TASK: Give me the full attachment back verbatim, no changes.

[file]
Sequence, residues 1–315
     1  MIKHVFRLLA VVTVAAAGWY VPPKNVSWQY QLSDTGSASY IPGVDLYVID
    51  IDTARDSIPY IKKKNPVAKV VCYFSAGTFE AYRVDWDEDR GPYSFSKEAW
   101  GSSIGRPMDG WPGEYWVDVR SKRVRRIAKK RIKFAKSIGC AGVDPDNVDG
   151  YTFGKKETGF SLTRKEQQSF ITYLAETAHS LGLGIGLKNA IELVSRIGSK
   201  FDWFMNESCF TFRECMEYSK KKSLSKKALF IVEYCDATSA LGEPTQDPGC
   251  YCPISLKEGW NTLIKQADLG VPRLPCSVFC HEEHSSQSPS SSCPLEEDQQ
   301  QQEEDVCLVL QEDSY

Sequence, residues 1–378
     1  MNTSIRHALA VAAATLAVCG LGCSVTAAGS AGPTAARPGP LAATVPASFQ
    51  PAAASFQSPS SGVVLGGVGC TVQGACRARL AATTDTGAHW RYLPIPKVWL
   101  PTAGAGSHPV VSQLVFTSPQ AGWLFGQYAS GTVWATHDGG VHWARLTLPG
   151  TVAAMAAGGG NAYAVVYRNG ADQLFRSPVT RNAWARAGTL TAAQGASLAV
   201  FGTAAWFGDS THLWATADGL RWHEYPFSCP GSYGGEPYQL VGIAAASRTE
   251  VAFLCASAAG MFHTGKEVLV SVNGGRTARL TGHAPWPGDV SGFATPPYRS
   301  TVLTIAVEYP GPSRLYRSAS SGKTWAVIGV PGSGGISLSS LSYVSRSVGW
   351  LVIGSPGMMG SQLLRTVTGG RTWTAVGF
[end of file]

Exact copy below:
Sequence, residues 1–315
     1  MIKHVFRLLA VVTVAAAGWY VPPKNVSWQY QLSDTGSASY IPGVDLYVID
    51  IDTARDSIPY IKKKNPVAKV VCYFSAGTFE AYRVDWDEDR GPYSFSKEAW
   101  GSSIGRPMDG WPGEYWVDVR SKRVRRIAKK RIKFAKSIGC AGVDPDNVDG
   151  YTFGKKETGF SLTRKEQQSF ITYLAETAHS LGLGIGLKNA IELVSRIGSK
   201  FDWFMNESCF TFRECMEYSK KKSLSKKALF IVEYCDATSA LGEPTQDPGC
   251  YCPISLKEGW NTLIKQADLG VPRLPCSVFC HEEHSSQSPS SSCPLEEDQQ
   301  QQEEDVCLVL QEDSY

Sequence, residues 1–378
     1  MNTSIRHALA VAAATLAVCG LGCSVTAAGS AGPTAARPGP LAATVPASFQ
    51  PAAASFQSPS SGVVLGGVGC TVQGACRARL AATTDTGAHW RYLPIPKVWL
   101  PTAGAGSHPV VSQLVFTSPQ AGWLFGQYAS GTVWATHDGG VHWARLTLPG
   151  TVAAMAAGGG NAYAVVYRNG ADQLFRSPVT RNAWARAGTL TAAQGASLAV
   201  FGTAAWFGDS THLWATADGL RWHEYPFSCP GSYGGEPYQL VGIAAASRTE
   251  VAFLCASAAG MFHTGKEVLV SVNGGRTARL TGHAPWPGDV SGFATPPYRS
   301  TVLTIAVEYP GPSRLYRSAS SGKTWAVIGV PGSGGISLSS LSYVSRSVGW
   351  LVIGSPGMMG SQLLRTVTGG RTWTAVGF